Sex assault victims 'should feel free to come forward'
Broadcaster Dr Ciara Kelly is hoping female victims of sexual assault and inappropriate behaviour will feel able to come forward after she revealed a woman came to her with allegations of rape.
Over the weekend, Newstalk presenter Dr Kelly claimed the alleged perpetrator of the rape had also acted inappropriately toward her.
She did not know the woman who approached her to make the allegation, but said she believed her.
Speaking to the Herald, Dr Kelly acknowledged going public with allegations against an unidentified person was a difficult issue to navigate.
"This is a very difficult area and I think there's no doubt that this is probably uncharted territory and that a boundary is being pushed by doing this," she said.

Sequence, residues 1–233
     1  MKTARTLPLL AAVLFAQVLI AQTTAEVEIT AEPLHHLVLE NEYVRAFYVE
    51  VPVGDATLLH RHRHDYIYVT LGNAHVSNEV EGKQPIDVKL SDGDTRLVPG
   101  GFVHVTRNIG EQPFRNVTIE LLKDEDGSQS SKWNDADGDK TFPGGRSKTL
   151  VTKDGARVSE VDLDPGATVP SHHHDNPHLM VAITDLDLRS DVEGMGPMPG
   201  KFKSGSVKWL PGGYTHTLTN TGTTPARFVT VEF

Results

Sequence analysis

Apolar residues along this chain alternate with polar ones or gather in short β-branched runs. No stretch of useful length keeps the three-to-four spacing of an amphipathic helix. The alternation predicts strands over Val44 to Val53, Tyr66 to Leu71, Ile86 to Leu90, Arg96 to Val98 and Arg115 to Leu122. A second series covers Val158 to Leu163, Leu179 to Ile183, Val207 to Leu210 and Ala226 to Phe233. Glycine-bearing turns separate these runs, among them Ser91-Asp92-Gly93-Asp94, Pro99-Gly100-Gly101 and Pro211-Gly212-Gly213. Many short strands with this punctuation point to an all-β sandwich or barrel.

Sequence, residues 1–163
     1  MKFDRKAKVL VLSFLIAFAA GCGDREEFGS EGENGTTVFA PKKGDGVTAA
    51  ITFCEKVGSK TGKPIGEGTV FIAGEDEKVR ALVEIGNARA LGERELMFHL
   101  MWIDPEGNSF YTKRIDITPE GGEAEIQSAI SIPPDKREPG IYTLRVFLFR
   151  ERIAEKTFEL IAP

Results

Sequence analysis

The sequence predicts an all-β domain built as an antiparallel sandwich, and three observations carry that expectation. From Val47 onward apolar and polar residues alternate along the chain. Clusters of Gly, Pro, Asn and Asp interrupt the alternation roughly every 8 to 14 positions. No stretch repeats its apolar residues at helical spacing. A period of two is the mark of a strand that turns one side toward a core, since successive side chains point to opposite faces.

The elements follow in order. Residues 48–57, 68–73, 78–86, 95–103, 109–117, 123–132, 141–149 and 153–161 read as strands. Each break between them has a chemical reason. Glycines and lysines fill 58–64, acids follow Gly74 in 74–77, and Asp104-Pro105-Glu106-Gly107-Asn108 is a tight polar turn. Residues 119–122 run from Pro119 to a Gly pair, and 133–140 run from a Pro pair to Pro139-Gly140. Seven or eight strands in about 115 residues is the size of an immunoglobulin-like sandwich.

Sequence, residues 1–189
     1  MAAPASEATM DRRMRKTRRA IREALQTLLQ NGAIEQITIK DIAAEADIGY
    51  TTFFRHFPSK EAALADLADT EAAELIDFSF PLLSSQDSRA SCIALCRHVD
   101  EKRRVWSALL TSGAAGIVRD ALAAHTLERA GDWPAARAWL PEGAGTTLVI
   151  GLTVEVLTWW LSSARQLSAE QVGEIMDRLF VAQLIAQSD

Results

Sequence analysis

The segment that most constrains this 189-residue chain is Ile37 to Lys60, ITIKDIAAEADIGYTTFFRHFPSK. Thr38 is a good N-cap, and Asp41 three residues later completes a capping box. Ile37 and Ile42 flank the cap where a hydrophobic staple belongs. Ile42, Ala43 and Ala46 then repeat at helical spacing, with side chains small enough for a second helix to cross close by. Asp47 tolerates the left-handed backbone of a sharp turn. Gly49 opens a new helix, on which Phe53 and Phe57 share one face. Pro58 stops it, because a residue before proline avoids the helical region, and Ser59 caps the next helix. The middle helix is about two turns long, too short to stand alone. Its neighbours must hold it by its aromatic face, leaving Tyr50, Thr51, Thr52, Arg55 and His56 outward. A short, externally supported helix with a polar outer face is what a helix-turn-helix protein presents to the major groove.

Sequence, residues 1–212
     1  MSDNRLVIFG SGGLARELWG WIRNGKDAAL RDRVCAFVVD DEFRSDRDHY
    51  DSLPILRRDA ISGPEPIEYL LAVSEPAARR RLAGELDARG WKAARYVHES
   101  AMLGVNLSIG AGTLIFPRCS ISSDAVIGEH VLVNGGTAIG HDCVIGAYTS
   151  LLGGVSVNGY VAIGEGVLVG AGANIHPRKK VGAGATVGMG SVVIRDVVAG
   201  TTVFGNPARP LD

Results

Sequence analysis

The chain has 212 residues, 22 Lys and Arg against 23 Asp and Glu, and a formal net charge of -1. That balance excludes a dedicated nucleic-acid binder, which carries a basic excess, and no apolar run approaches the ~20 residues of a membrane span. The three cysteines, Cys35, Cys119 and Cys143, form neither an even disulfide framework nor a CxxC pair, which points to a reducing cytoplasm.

"Having said that, I've seen the various people, and not everyone who disagrees with me is a troll, but there are people who have expressed what could be termed valid concerns.
"But my feeling on it, because I did think about this beforehand, is that ultimately the more important issue is, if there is - and I believe it is the case - someone who has serially abused women over decades in Ireland, that it would be brought to justice and those women would have some recourse.
"I think that remains the most important issue, the women that have been affected, like the woman that came to me."
Dr Kelly spoke about the case of Hollywood producer Harvey Weinstein, against whom 82 women have now made allegations of sexual abuse.
"We have different laws in Ireland to America, but - parking the law for a moment and parking the legality or illegality, parking that whole area or issue - if it wasn't for women's voices, Harvey Weinstein would still be the head of what was Miramax and he would still be a member of the Academy of Motion Pictures," she said.
Dr Kelly said one of the positives of social media was that it could amplify small voices "so they become a roar".
"In my view, this is like lifting a rock and seeing what is hidden," she added.